Jump to content
Sign in to follow this  
Grum

Headlight Relay wired wrong!

Recommended Posts

Hi All.

Have noticed Honda seem to have got their wires crossed! The Headlight Relay isn't doing what its supposed to. All the heavy current (whatever that is) is going through the Dimmer Switch or the Flash Switch (not shown) when Hi beam selected, see below, the main circuit diagram also matches the simplified drawing. Think it should be wired like the modified bottom drawing. Could this mean the Dimmer or Flash Switch may burn out prematurely? UPDATE - Have confirmed on the bike that the Headlight Relay is wired per drawings, ie all current including relay coil current is flowing through the switch - crazy use of a relay!!

Just for info.

Cheers.

Grum.

VFR_Headlights001.jpg

VFR_Headlights003.jpg

Share this post


Link to post
Share on other sites

Are you sure this is how it is wired on the bike, and not just a documentation error?

What's the point in having a relay if the coil and switch are wired to the same point?

Share this post


Link to post
Share on other sites

That is clearly not a true electrical schematic.  It's more of a basic representation of the parts and circuit.  (although it's odd that they didn't include the 'flash to pass' switch)

Obviously nobody would ever plan and assemble a relay that way. (not to mention the lo side of the dimmer switch goes nowhere!)

 

Don't worry about it Grum, I'm sure it's wired correctly and will last for years. :smile:

  • Like 1

Share this post


Link to post
Share on other sites
On 15 April 2017 at 7:08 AM, DriverDave said:

That is clearly not a true electrical schematic.  It's more of a basic representation of the parts and circuit.  (although it's odd that they didn't include the 'flash to pass' switch)

Obviously nobody would ever plan and assemble a relay that way. (not to mention the lo side of the dimmer switch goes nowhere!)

 

Don't worry about it Grum, I'm sure it's wired correctly and will last for years. :smile:

Hi DriverDave, and All.

Sorry DriverDave, I would like to agree with you, BUT, believe or not the bike IS wired this way, both the simplified and main circuit diagrams reflect this. I physically checked the bikes wiring today. 

Looking at the small wire gauge to the relay, it would appear that relatively small current is drawn, which might not cause an issue with the switches, BUT, I have never seen a relay wired like this, Honda may have well not included it, and simply wired it direct from the switch to the LED Driver keeping things simple?? :comp13:

Cheers.

Grum.

P.S. It would be normal for the dimmer switch to have a side going nowhere, as the default is LO Beam, the system only needs to know when HI Beam is selected.

Share this post


Link to post
Share on other sites
c3611d939bb44c0b64c6595d0a216fc2.jpg


Sent from my iPhone using Tapatalk

Ahh yes, it all makes sense now... :P


Sent from my iPhone using Tapatalk
  • Like 1

Share this post


Link to post
Share on other sites
12 hours ago, Quibble said:


Ahh yes, it all makes sense now... :P
 

 

I'm going in! (famous last words)

  • Like 2

Share this post


Link to post
Share on other sites

Hi All.

Sorry to bore some of you I know it's not the most interesting of topics, but coming from an electrical background I am intrigued by the strange wiring of the Headlight Relay and the potential for switch damage.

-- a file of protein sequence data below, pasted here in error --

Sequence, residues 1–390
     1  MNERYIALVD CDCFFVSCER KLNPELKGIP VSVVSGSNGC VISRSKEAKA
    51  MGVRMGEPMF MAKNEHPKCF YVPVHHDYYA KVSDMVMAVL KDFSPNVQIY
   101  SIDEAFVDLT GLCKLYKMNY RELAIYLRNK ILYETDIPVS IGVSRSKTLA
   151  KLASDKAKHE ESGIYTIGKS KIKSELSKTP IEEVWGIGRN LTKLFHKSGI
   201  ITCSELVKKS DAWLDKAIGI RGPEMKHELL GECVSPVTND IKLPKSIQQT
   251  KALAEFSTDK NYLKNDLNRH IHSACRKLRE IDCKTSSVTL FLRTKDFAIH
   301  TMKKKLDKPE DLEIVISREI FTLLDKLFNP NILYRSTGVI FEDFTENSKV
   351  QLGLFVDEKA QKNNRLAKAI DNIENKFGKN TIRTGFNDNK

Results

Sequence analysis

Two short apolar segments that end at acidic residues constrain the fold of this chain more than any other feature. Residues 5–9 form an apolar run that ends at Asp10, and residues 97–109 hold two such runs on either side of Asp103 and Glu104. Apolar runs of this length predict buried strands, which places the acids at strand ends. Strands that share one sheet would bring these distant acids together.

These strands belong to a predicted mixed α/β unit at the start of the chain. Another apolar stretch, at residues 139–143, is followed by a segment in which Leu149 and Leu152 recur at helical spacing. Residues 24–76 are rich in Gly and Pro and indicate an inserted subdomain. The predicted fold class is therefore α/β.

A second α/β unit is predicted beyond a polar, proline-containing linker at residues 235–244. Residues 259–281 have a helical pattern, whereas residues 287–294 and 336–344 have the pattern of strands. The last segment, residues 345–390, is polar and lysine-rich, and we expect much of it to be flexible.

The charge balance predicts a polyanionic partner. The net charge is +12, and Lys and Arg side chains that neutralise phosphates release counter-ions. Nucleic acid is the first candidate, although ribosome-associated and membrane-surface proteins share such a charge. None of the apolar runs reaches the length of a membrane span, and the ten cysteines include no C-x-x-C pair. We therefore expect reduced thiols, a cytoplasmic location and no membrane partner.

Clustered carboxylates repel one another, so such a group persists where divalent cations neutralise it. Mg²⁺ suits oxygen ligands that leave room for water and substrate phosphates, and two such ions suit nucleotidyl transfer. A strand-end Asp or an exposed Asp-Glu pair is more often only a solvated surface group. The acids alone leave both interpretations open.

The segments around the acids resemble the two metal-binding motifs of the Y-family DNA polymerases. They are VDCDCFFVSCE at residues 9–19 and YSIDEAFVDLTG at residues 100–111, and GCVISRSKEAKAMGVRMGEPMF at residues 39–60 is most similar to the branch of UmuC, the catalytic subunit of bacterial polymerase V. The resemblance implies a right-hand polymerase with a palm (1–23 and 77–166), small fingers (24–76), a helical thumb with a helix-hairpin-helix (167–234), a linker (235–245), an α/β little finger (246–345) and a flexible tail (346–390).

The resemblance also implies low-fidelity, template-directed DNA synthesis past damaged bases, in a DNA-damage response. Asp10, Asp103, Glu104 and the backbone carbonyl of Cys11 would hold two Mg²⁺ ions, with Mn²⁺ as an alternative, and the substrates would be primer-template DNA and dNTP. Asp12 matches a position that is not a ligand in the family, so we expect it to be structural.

After checking the bike and seeing the small wire gauge used in the circuit, reckon the switches should be fine.

As to the strange relay wiring, perhaps the answer might lie in the mystery box - LED Driver??

Cheers.

Grum

Share this post


Link to post
Share on other sites

May be a long shot, but is there some nonsense piece of regulation which says high beams must be powered via a relay??

  • Like 1

Share this post


Link to post
Share on other sites

Will have a look at my manual when I get a chance.  The load through the wires will be a lot lighter than conventional bulbs.  You must also remember the newer thin wall wires can handle more current than the wiring used in older bikes. 

  • Like 1

Share this post


Link to post
Share on other sites
On 4/15/2017 at 7:03 PM, Grum said:

Hi All.

Sorry to bore some of you I know it's not the most interesting of topics, but coming from an electrical background I am intrigued by the strange wiring of the Headlight Relay and the potential for switch damage. 

After checking the bike and seeing the small wire gauge used in the circuit, reckon the switches should be fine.

As to the strange relay wiring, perhaps the answer might lie in the mystery box - LED Driver??

Cheers.

Grum

 

Being no stranger to electronic circuits this is a little bit of an eyebrow raiser to me too.  I've given this a little thought...

 

So first of all we know that the LED headlamps are not nearly the current draw of its halogen predecessors.  So the demand on the wiring isn't nearly as substantial as it would have otherwise been.  If you're curious, check the DC current draw from the headlamp unit on high-beams, then check the size of the hookup wire against an ampacity chart.

 

The other thing is that the way this is set, you engage the high-beam switch, which closes the relay, which then allows the full high-beam supply current along with coil current to flow through the switch.  This means that at engagement time the switch is only handling coil current.  Therefore there would only be arcing concerns (and the related lifetime concerns re the switch) at disengagement time.

 

 

  • Like 2

Share this post


Link to post
Share on other sites

Hmm, that is curious.  I agree with the above assessment that the arcing concerns may only occur at disengagement depending what kind of reactive load is presented (capacitive and inductive load presented by the LED driver box).  I would be curious how much current actually flows through that switch - be careful with a meter though, you could easily damage it if the inrush current is high.